Speaking of 'back in my day', in my slides I gave out (to use an Irish expression) about how long bootstrapping took with the emulator. Christophe proceeds to tell me about his experience porting to HPPA machines in the early 2000's where it took about a full day to wait for the system to bootstrap... It's easy to forget that Moore's law happens (happened?) sometimes.
Oh, and just so I remember for the future, I got some questions from Tobias Rittweiler about how I handled memory model issues. I basically said I didn't, because I was porting a new CPU, not an OS, since the Linux support routines handle almost all of those concerns. Then Doug asked me about why Load-Immediate-64 on RISC-V was so complicated: couldn't I have just loaded a word from memory? To which I responded that it's not clear whether its more expensive to load a word from memory versus materialize it with only register operations. This is a problem they solved in the RISC-V GCC backend, and last time I checked, the RISC-V backend for LLVM just punts and does the basic, unoptimized sequence. Then he asked me why I started with Cheney GC, which I deflected straight away to Christophe, who made the initial decision. He basically said, "it's easy to fit Cheney GC entirely in my head at once." Fair.
Monday lightning talksAfter the talk we had some more time to work on stuff, like demos for the lightning talks. I didn't really do much besides talking to people about our internals though. Rui from 3e asked me about supporting tracing through local functions. One of my main interests is actually optimizing away local functions, so, I'm probably not the one who's going to implement it (unless you paid me to), but it seems fairly straightforward to port the support which was added to CMUCL after the fork.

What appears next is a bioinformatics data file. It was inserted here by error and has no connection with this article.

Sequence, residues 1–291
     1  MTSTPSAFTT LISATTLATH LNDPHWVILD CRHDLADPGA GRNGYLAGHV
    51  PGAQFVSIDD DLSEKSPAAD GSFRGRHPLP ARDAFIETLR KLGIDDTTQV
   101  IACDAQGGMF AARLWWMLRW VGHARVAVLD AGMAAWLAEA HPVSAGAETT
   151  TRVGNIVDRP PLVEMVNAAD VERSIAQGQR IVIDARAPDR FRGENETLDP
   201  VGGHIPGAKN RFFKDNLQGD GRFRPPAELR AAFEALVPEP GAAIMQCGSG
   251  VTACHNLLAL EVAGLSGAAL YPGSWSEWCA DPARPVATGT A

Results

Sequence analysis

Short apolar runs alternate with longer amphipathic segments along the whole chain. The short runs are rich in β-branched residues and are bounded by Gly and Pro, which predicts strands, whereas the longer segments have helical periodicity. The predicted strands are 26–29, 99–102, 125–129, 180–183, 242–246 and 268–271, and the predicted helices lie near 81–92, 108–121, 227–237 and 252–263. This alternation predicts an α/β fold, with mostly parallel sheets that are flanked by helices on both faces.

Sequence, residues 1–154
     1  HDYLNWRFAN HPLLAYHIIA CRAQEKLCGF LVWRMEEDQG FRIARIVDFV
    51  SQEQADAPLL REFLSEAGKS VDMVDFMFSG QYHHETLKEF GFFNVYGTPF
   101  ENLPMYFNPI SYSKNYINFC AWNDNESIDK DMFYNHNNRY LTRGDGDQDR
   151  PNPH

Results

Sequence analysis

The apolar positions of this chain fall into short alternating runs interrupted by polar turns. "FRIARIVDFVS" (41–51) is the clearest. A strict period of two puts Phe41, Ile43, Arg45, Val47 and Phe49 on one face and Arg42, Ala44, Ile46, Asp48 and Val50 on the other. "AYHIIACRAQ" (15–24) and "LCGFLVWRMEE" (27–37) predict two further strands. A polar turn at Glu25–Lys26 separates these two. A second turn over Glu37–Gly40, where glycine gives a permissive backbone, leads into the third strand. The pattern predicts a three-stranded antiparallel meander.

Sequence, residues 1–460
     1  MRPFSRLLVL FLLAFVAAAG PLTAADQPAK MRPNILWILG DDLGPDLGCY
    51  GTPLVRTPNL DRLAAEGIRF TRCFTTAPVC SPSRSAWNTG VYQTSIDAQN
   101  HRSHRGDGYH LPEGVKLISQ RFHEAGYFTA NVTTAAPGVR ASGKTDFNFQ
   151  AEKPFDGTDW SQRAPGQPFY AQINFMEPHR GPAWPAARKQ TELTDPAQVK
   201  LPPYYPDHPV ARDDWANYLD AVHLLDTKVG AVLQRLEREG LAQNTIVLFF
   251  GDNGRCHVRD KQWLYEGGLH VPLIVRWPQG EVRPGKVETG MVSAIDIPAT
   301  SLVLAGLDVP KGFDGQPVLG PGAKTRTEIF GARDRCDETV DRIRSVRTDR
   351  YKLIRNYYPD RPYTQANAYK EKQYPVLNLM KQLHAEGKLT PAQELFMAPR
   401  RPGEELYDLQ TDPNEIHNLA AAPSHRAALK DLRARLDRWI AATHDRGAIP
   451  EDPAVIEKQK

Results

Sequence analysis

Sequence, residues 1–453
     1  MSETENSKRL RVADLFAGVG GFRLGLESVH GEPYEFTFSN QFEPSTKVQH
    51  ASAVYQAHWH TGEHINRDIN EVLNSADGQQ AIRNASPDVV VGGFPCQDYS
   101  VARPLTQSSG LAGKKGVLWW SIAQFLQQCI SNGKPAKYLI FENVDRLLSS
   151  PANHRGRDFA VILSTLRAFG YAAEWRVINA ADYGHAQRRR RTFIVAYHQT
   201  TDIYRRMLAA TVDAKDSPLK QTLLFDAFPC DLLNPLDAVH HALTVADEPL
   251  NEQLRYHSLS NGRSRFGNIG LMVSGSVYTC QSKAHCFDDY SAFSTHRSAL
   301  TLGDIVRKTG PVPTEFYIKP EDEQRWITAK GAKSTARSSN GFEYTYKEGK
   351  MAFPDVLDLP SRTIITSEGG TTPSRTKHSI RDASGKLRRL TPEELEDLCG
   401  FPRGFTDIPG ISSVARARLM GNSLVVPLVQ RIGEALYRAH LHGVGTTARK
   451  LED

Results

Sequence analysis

Then we had our Monday afternoon lightning talks. I remember this just being a 'if you have something to say or demo come up and do it' kind of thing. Marco Heisig went up first to talk about SB-SIMD. I had helped him debug getting the VOPs installed into SBCL properly a little bit before his demo, and he showed us some cool support he's adding. He ended up sending a follow up email after the conference with a more formal proposal to integrate it into SBCL. I hope he has the time to move it forward and have it in-tree in some form or another.
Then james anderson, in what is a very memorable moment for me, went up for his 'demo' which ended up being a quite punctuated proclamation: 'We need concurrent GC!' Indeed, we do.